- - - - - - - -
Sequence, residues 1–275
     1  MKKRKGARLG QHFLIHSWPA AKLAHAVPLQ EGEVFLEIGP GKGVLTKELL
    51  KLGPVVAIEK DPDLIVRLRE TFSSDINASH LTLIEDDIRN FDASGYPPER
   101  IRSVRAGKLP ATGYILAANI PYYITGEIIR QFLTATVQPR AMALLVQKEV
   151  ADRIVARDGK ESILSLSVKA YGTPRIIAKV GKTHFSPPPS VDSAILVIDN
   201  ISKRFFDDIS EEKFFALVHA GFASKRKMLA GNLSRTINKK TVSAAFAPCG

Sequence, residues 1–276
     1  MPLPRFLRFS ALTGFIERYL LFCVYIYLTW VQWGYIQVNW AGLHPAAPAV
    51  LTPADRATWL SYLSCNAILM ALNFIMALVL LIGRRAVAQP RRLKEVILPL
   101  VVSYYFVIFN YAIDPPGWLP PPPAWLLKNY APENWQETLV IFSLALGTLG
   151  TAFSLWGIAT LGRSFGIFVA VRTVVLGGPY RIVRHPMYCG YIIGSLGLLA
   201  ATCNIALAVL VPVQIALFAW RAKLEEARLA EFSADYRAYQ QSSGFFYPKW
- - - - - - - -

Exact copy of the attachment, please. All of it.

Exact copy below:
Sequence, residues 1–275
     1  MKKRKGARLG QHFLIHSWPA AKLAHAVPLQ EGEVFLEIGP GKGVLTKELL
    51  KLGPVVAIEK DPDLIVRLRE TFSSDINASH LTLIEDDIRN FDASGYPPER
   101  IRSVRAGKLP ATGYILAANI PYYITGEIIR QFLTATVQPR AMALLVQKEV
   151  ADRIVARDGK ESILSLSVKA YGTPRIIAKV GKTHFSPPPS VDSAILVIDN
   201  ISKRFFDDIS EEKFFALVHA GFASKRKMLA GNLSRTINKK TVSAAFAPCG

Sequence, residues 1–276
     1  MPLPRFLRFS ALTGFIERYL LFCVYIYLTW VQWGYIQVNW AGLHPAAPAV
    51  LTPADRATWL SYLSCNAILM ALNFIMALVL LIGRRAVAQP RRLKEVILPL
   101  VVSYYFVIFN YAIDPPGWLP PPPAWLLKNY APENWQETLV IFSLALGTLG
   151  TAFSLWGIAT LGRSFGIFVA VRTVVLGGPY RIVRHPMYCG YIIGSLGLLA
   201  ATCNIALAVL VPVQIALFAW RAKLEEARLA EFSADYRAYQ QSSGFFYPKW